Bartow Friday Fest Public

This is for anyone who wants to go to a block party. It’s o bserving and Q&A only. Solar scopes are welcome before sunset. Set up at Main St. & S Wilson Ave.
If you want to take a look around, someone will watch your scope for you. There’s usually some good food close by and music down the street.
The view is somewhat limited and there’s lots of light,but those who stop by, have some good questions, so, be readywith some goodanswers.
This is another event that has brought us new members.

Recurs monthly

June 2023

Sunday June 4

All Day
Venus In The Evening

What’s that, a plane coming in for a landing just after sunset? No, that’s Venus blinding you from the western sky.

The planet Venus reaches greatest eastern elongation. This is the best time to view Venus without having to set your alarm since it will be at its highest point above the horizon in the evening sky.

Wednesday June 7

All Day
Arietids Daytime Meteor Shower

Lucky and persistent dawn-watchers might try looking for shooting stars in the darkest hour right before dawn during this most active of Daytime meteor showers.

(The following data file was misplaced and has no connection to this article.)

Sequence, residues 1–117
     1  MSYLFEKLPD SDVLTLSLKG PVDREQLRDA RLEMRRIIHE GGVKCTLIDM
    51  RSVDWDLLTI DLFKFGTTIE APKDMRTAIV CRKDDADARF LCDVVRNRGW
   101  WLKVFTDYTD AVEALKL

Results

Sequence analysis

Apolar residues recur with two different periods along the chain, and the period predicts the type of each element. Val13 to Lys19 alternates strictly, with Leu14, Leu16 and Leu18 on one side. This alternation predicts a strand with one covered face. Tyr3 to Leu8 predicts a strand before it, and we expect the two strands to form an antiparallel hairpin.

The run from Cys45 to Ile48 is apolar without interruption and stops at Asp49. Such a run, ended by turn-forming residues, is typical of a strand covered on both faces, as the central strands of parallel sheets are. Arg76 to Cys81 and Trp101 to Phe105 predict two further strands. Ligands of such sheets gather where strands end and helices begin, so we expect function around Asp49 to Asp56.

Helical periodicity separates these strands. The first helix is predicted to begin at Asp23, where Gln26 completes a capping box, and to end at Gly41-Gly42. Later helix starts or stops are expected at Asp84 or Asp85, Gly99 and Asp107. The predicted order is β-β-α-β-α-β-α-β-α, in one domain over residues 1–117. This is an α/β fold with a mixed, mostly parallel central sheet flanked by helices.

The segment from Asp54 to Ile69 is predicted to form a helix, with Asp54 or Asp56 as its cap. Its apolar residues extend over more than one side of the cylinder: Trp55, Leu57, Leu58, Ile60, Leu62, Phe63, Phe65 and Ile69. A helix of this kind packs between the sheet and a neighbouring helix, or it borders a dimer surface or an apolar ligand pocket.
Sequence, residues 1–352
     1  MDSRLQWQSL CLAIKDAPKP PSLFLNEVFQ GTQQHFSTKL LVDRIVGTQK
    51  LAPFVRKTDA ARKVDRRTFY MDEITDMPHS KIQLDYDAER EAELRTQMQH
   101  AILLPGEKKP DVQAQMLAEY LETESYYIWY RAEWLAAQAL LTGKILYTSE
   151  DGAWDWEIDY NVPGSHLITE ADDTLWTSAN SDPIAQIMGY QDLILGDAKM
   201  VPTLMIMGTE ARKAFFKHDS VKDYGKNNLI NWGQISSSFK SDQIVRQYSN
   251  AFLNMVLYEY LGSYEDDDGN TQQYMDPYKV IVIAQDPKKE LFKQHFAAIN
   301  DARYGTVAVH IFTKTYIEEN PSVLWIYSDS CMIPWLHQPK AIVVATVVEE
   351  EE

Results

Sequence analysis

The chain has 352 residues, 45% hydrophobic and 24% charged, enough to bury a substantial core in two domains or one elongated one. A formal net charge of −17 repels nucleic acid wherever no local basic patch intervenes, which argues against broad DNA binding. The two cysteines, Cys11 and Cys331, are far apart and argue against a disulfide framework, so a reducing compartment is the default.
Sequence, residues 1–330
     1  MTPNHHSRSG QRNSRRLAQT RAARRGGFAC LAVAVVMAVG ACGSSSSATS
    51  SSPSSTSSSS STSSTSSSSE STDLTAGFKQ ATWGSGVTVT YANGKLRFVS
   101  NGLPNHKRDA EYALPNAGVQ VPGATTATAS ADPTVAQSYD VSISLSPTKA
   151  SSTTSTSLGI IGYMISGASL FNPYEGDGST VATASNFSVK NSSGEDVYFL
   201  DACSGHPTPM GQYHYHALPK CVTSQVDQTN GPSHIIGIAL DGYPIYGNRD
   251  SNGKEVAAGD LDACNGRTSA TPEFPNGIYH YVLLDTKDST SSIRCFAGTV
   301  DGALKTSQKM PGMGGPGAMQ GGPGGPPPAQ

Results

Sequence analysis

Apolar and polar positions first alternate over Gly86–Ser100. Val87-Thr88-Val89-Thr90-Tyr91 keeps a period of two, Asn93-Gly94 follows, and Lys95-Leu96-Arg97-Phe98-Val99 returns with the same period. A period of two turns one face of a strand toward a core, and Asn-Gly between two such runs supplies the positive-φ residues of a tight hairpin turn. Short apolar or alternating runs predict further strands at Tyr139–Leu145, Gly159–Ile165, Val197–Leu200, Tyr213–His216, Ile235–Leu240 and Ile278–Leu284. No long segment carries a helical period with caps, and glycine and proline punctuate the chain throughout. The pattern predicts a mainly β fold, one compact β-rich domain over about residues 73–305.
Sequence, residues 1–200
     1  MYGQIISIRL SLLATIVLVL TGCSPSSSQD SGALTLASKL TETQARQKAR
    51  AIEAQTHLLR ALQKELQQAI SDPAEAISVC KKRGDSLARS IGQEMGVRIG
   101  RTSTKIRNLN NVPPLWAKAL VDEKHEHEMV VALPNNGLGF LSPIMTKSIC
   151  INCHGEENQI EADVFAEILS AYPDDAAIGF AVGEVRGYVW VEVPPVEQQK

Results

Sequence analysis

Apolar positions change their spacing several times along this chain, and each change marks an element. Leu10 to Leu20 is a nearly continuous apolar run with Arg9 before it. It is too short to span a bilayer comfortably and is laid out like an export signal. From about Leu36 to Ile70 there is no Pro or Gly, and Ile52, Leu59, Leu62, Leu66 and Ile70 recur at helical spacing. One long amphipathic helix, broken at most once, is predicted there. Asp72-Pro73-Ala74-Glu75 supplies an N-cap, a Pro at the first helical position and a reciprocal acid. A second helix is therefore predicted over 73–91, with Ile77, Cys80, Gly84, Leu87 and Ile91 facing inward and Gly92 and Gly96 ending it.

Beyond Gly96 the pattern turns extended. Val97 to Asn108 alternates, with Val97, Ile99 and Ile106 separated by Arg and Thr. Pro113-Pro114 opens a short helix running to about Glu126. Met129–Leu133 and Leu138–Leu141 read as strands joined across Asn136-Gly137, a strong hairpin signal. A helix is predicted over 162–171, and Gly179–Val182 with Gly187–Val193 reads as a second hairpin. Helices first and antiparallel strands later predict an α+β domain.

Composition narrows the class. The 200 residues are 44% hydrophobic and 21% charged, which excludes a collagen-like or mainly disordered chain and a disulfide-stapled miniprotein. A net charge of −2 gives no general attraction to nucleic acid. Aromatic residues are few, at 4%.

The shower’s radiant point is in the constellation Aries. You’ll find this constellation in the east before sunrise.

Meteor counts with radar and radio echoes have indicated a rate of 60 meteors per hour, and perhaps as high as 200 meteors per hour… Good luck!

Saturday June 10

3:31 pm
πŸŒ— Last Quarter Moon

Sunday June 18

12:37 am
πŸŒ‘ New Moon

Wednesday June 21

5:58 pm – 6:58 pm
June solstice

In the northern hemisphere, this marks the first day of summer and is the day with most hours of light in the year — when the Sun is farthest north. In the southern hemisphere, this is your winter solstice, marking the shortest day of the year.

21 June will be the longest day of 2022 in the northern hemisphere.

Monday June 26

3:50 am
πŸŒ“ First Quarter Moon

July 2023

Monday July 3

7:39 am
πŸŒ• Full Buck Moon

Sunday July 9

9:48 pm
πŸŒ— Last Quarter Moon

Monday July 17

2:32 pm
πŸŒ‘ New Moon

Tuesday July 25

6:07 pm
πŸŒ“ First Quarter Moon

Sunday July 30 – Monday July 31

Delta Aquarids Meteor Shower